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Welcome to the Working Carers Gateway

This website has been created to help people who are juggling working AND caring roles.

Who is a working carer? - A working carer is a person who is in paid employment and who cares for a relative or friend who is ill, frail, has a disability or is ageing. They may work full-time, part-time, casually or have a business of their own

Recently become a working carer?


Then you have come to the right place. Visit our carer fact sheets to
find out your options when it comes to dealing with Centrelink, your workplace and the new role you have taken on.

Click Here to get started!

 

 

 

Read the Work 'n' Care Monthly Newsletter

The latest edition Work 'n' Care, Our monthly newsletter, is now available. Take some time and have a look as our goal is to present you with new information and effective projects to improve carers’ lives, so that what works, spreads.


Click here to read the latest edition of Work 'n' Care

Work 'n' Care Newsletter

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Quick Links



Employee Guide

Read our employee tips on how to speak with your employer and making your workplace carer friendly.



Employer Advice

Our Employer section has a range of information to help any size employer make the most of the carers at work.



Aboriginal Carers

If you identify as an Indigenous carer, then take a look at our information that relates directly to your needs

 

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So many people are affected by autism. It is not just the estimated 130 000 Australians on the spectrum.  It is also their families, other carers, friends and colleagues and it is well known that the staggering increase in autism rates is baffling scientists the world over.

One of the best support organisations for carers who are caring for a person with an autism-related condition is Autism Spectrum Australia (Aspect).

This is a not-for-profit organisation committed to helping people on the autism spectrum achieve their potential. Aspect builds confidence and capacity with people on the autism spectrum, their families, carers and their communities.

Being on the autism spectrum is life-long. People may experience difficulties with social interaction, impaired communication, restricted and repetitive interests and behaviours, and sensory sensitivities.

The word 'spectrum' is used because the range and severity of the challenges people face can vary widely. Intervention, understanding and support provide the best opportunities for many people with autism to lead productive lives.

Aspect operates a variety of services in NSW, ACT and Victoria including:

  • diagnostic assessments
  • early intervention programs
  • a network of autism specific schools and satellite classes
  • behavioural intervention
  • educational outreach
  • community participation
  • a parent support network
  • family and information services
  • parent education and professional development workshops.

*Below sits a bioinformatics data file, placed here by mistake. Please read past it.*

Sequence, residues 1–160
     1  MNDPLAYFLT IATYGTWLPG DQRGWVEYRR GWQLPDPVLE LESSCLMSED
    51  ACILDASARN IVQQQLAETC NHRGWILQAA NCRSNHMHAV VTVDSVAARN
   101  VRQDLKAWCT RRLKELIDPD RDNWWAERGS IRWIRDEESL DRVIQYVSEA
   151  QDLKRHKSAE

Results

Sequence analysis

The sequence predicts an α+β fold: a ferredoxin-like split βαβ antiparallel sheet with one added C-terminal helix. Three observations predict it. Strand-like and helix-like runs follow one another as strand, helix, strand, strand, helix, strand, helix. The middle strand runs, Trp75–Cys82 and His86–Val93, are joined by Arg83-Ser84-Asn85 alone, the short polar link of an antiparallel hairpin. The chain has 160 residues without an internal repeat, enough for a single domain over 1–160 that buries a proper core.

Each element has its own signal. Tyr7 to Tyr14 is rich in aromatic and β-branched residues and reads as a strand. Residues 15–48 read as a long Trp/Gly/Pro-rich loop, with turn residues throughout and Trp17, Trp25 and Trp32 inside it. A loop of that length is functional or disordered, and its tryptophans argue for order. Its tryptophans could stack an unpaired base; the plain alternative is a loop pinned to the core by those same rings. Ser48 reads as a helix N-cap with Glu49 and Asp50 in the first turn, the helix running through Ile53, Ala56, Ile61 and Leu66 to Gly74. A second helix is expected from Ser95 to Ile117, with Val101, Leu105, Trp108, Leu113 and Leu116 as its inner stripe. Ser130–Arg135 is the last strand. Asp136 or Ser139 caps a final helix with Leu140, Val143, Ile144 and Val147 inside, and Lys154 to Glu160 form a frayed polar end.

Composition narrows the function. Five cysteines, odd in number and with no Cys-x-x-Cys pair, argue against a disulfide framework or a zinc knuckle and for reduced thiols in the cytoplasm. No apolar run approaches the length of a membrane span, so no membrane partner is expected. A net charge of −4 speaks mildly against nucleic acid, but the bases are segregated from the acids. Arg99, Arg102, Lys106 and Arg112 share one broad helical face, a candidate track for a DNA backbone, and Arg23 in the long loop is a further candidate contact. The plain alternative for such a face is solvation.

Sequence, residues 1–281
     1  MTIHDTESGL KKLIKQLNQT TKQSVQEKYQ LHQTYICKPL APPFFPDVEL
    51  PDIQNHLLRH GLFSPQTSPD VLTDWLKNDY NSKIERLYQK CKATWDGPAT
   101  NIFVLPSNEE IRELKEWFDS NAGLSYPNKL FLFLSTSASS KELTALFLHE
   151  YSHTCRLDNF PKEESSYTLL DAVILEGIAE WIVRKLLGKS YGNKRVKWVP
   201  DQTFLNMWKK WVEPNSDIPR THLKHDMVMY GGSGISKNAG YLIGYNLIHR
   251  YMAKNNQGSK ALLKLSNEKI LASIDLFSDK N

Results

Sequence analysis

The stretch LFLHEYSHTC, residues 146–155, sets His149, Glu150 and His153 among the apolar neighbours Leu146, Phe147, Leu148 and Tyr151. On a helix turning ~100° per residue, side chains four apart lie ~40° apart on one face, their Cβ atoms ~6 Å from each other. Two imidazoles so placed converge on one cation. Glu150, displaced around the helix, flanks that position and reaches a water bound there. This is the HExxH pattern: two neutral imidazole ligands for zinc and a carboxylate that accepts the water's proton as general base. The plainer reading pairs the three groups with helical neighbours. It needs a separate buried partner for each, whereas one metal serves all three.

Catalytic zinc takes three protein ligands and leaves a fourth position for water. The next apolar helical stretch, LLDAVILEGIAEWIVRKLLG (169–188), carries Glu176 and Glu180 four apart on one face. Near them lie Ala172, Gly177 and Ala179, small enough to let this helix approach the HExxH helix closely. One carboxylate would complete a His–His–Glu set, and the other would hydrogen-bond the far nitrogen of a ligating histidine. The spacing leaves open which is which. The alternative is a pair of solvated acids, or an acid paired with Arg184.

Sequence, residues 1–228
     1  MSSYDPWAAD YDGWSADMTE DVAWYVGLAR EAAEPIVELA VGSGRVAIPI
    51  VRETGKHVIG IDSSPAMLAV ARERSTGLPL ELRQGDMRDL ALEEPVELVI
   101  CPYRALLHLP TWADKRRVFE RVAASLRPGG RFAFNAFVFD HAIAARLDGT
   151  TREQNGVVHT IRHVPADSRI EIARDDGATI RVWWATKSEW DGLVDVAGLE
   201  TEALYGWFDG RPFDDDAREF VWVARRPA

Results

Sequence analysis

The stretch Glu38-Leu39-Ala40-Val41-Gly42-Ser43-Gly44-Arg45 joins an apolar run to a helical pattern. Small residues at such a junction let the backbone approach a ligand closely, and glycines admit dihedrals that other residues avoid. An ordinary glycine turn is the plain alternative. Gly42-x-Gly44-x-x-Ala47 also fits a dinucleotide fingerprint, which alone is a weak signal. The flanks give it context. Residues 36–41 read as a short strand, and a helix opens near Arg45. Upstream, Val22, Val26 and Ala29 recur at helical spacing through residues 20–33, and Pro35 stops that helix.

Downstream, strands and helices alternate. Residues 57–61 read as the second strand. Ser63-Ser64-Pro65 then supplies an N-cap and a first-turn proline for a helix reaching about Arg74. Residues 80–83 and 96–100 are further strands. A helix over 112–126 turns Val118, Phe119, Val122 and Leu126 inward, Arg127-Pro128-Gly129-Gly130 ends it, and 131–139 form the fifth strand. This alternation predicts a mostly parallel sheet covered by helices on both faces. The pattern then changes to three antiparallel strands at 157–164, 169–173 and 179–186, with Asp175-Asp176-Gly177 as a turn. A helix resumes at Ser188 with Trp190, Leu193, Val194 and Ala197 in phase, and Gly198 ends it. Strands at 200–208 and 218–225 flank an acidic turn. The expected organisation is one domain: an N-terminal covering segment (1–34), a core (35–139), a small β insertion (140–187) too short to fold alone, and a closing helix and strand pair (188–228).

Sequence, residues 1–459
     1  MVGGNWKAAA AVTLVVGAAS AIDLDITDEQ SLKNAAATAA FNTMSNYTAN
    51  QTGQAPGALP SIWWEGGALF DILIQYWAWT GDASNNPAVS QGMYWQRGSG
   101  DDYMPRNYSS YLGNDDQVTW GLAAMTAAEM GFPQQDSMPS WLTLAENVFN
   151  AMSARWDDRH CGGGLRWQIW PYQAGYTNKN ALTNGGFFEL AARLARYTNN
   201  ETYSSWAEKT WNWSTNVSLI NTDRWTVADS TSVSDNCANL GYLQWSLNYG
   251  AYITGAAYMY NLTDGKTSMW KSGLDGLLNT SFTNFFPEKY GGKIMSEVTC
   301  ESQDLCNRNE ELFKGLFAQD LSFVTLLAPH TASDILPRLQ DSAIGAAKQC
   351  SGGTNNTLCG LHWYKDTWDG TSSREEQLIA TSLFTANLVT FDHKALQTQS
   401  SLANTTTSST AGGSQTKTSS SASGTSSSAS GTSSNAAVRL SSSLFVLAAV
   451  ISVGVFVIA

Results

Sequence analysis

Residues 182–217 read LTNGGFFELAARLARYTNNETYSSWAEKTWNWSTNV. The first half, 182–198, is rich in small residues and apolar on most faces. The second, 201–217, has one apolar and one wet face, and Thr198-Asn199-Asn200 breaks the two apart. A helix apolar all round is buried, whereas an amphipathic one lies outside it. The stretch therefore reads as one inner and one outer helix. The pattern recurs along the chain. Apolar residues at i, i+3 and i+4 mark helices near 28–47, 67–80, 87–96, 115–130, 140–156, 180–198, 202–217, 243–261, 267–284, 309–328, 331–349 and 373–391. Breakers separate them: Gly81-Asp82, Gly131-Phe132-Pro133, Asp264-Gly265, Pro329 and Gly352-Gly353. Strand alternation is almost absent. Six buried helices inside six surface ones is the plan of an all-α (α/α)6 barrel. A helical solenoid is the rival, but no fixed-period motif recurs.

New workshops

Aspect’s Far North Coast centre is running a series of autism-specific positive behaviour support workshops in Kingscliff during November and December 2011.

The workshops run over three Fridays – November 18 and 25, and December 2.

Targeted mainly at professionals, the workshops focus on a program called Recipe for Success, which develops a best practice understanding of autism and how an autism spectrum disorder might contribute to challenging behaviours.

Participants will earn the principles of how to create an autism-friendly environment and how to write an autism-specific behaviour support plan and a crisis plan.

They will also learn how to teach new skills to promote communication, emotional regulation and independence.

New research

Aspect is also conducting a new research project about the life experiences and support needs of people aged 18 years and over with high functioning autism and Asperger’s disorder.

The goal of this project is to raise awareness and improve the kinds of services and supports offered to people with an autism spectrum disorder.

The research is being conducted using survey responses from two groups:

1. People aged 18 and over with a diagnosis of Asperger's disorder or high functioning autism (that is, autistic disorder or pervasive developmental disorder - not otherwise specified without attendant intellectual disability) and

2. Their parents or family members who have primary caring responsibilities for them.

If you are interested in contributing to this research, please go the website and fill out the online survey. The questionnaire will open as a PDF form that you can fill in and submit online.

Learn more about Aspect or register for their workshops or research project at www.autismspectrum.org.au or phone 02 6628 3660 (for the workshop) or 1800 288 476 (general inquiries).

Carer Strategies


Carer Recognition

The NSW Carers (Recognition) Act 2010 (the Act) was introduced to provide recognition of carers and to establish a Carers Advisory Council.


NSW Carers Strategy

The NSW Carers Strategy recognises the valuable contribution that carers make to NSW. The Strategy focuses on five key areas.


National Carers Strategy

The National Carer Strategy contains a vision, an aim and six important priority areas for action. The strategy was developed with key stakeholders.

 

 

Statistics

  • 2.7 million unpaid carers in Australia 
  • more than 770,000 carers are primary carers 
  • 300,000 carers are under the age of 24 
  • 150,000 carers are under the age of 18 
  • over 1.5 million carers are of working age (18-64) 
  • 31,600 Indigenous carers are over the age of 15 
  • 620,000 carers were born outside Australia 
  • 366,700 carers were born in non-English speaking countries 
  • 520,000 carers are over 65 years of age 

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